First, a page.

"Our biggest challenge has been maximizing employee safety, while also optimizing productivity and still focusing on maintaining a championship venue," Miller said. "The Country Club of Detroit is focused on these items through a multi-pronged attack."
    That plan included developing contingencies in the event anyone on Miller's management team contracts the virus. 
    Managing labor issues during the virus has been a challenge for many turf managers.
    "Our biggest challenge over the past seven months has mainly been labor fluctuations," said Kevin Cooper, superintendent at Lochnivar Golf Club in Houston. "In the beginning of Covid, we adjusted our working crews and crew communication. Our morning meetings became a rolling start with minimizing large-group contact versus the break room meeting with 20-plus individuals all gathered inside. We now have a crew meeting on Monday outside, or inside the barn area dependent upon weather, to discuss the week ahead, issues, or basic reminders."
    Through the first two months of the pandemic, minimal maintenance was being performed at Lochnivar, and Cooper and his team still playing a bit of catch-up. Managing conditions on the course while working to keep his team safe, Cooper segregated his crew into teams on staggering shifts to minimize unnecessary contact between employees.
    "In the first few months we had minimal labor daily - seven to nine employees - on a rotating basis to make sure if anyone was sick we could quarantine a group, but not impacting maintaining the course," Cooper said. "By May we had brought everyone back on a daily basis, but were designating carts and assignments with restrictions in regards to interactions. Lunch breaks were broken down into groups with designated time allowing minimal individuals in the lunchroom, between groups the area is sanitized."

    Segregating the crew into teams helped minimize the impact of the pandemic at LedgeRock Golf Club in Pennsylvania. Photo from Alan FitzGerald via Twitter At the Country Club of Detroit, Miller's plan includes developing a chain of command in the event Miller, one of his assistants or his equipment manager contract the virus, a work schedule that breaks the crew into teams so as to mitigate the spread of the virus, staggered lunch times, equipping all members of the team with sanitizer spray and daily cleaning and sanitizing of the break room and locker room in the shop.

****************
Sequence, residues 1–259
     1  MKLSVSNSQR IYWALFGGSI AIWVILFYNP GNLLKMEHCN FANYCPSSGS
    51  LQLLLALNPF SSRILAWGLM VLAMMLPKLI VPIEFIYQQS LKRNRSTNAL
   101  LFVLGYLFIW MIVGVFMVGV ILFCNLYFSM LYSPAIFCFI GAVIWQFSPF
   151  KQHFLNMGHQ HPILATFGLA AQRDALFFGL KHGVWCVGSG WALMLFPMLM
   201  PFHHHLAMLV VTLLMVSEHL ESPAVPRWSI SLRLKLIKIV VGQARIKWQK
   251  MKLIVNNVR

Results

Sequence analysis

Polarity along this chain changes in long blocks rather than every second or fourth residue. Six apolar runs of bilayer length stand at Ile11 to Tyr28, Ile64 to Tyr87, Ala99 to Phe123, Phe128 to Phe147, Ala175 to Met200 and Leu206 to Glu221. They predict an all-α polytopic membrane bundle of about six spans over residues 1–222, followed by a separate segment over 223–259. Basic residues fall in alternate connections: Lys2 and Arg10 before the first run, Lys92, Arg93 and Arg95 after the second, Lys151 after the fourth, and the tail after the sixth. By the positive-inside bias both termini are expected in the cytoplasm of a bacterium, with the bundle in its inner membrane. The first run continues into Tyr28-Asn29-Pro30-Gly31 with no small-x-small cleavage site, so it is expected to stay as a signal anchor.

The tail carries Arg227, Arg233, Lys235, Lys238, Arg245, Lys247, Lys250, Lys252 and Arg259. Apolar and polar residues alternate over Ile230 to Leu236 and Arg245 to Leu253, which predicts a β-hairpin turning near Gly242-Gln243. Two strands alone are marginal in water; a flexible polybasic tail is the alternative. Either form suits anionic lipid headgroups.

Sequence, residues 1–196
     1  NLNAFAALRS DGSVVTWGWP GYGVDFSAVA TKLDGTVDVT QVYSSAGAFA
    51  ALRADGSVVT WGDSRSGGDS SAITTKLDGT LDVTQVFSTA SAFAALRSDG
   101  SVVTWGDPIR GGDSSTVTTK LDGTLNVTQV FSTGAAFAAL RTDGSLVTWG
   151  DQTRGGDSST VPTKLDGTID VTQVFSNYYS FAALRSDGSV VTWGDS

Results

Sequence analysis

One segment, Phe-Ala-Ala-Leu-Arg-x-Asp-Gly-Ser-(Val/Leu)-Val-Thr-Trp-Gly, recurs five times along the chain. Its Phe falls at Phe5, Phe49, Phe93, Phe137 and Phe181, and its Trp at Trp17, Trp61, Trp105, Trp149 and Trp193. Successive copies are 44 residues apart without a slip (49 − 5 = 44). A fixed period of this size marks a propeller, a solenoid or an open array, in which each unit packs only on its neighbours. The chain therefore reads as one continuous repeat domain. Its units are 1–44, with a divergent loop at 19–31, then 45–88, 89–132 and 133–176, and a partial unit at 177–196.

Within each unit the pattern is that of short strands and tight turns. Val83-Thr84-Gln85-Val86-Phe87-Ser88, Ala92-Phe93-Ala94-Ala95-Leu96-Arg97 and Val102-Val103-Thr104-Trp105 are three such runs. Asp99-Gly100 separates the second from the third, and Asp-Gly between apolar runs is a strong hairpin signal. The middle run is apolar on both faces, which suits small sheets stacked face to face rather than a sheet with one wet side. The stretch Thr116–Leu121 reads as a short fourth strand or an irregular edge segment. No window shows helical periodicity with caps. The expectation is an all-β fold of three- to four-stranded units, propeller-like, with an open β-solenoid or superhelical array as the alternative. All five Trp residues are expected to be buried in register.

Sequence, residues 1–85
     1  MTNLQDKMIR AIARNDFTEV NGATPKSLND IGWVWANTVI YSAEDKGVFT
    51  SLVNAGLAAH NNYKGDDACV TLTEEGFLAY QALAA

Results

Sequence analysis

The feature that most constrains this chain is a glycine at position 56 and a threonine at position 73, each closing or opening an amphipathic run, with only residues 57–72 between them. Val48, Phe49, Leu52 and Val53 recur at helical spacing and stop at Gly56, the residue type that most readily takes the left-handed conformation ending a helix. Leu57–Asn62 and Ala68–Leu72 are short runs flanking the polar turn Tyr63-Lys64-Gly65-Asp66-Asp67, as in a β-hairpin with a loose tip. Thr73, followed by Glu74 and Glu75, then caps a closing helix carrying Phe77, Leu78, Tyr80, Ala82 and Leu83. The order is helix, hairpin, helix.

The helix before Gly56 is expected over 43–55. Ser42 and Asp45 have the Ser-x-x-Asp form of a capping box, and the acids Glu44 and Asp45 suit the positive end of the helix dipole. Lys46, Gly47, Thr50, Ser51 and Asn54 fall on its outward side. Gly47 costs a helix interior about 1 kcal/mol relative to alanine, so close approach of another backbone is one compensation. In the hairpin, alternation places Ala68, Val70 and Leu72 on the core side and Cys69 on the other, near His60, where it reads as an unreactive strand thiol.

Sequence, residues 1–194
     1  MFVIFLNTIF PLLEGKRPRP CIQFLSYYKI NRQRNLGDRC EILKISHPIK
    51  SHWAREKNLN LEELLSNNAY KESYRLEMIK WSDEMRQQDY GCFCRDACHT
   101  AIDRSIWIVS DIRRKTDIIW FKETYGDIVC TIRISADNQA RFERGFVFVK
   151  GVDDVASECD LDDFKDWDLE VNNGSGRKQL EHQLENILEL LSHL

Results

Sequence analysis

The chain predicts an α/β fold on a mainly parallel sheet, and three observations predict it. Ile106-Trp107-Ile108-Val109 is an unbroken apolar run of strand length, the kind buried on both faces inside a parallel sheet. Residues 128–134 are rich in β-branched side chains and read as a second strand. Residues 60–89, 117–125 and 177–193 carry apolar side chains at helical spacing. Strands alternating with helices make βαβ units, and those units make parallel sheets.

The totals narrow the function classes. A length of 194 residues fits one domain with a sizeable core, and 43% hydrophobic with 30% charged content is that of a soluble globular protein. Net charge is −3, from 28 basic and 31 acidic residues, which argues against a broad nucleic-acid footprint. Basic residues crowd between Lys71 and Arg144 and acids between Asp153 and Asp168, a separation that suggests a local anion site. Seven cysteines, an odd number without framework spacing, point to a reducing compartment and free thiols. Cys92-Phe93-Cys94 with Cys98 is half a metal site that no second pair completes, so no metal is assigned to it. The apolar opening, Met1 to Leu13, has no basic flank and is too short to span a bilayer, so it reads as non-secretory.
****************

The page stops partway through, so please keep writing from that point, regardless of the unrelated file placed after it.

Specifically, Miller has created his own bubble of sorts with his crew, splitting them into two teams, with each working 10 hours a day four days a week. One works Sunday through Wednesday and another that works Wednesday through Saturday. 
    As we've learned the past seven months, stopping an invisible foe is easier said than done.
    "We have had one team member test positive, we were able to contact trace within 24 hours, have any possible team members that came in contact with him get tested, and those two were negative," Miller said. "I would say we have been fortunate, but also vigilant. We have not only our team/department to worry about, but also other teams here, as well as our membership's safety as well."
    Alan FitzGerald has had some labor challenges to overcome as well at LedgeRock Golf Club in Mohnton, Pennsylvania.
    "I know this is an issue for everyone. We've done a lot over the last few years to build up our team and have been pretty successful," said Alan FitzGerald, superintendent at LedgeRock Golf Club in Mohnton, Pennsylvania. "I was extremely lucky to get three interns this year, but I had some guys not travel back due to Covid, so we ran four to five people short all year, once we ramped back up to normal."
    Reduced labor, a cool spring that delayed green-up, reduced maintenance and fuel costs have FitzGerald way under budget for the year. How that number might affect next year's budget is a concern.
    "This is more of a possible upcoming challenge. I am currently something like $150,000 under budget year-to-date. They were looking for me to get to that number for the budget this year but it wasn't possible," FitzGerald said. 
    "I have worked out it's indirectly due to Covid. We had a cool spring, so the turf didn't wake up until late, so we didn't need to mow etc., i.e., regular maintenance wasn't needed. Normally with a cool spring we would have the staff back anyway to complete projects, get a bunch of detail work etc. done so with Covid those jobs were not done and we ran with minimal staff for five to six weeks longer than normal. The effect was we weren't using equipment, so fuel costs were down, equipment repair and maintenance was down etc., so when I ran the numbers year-on-year and job-on-job this is where the savings came from. It just might be difficult to explain this come budget time for 2021."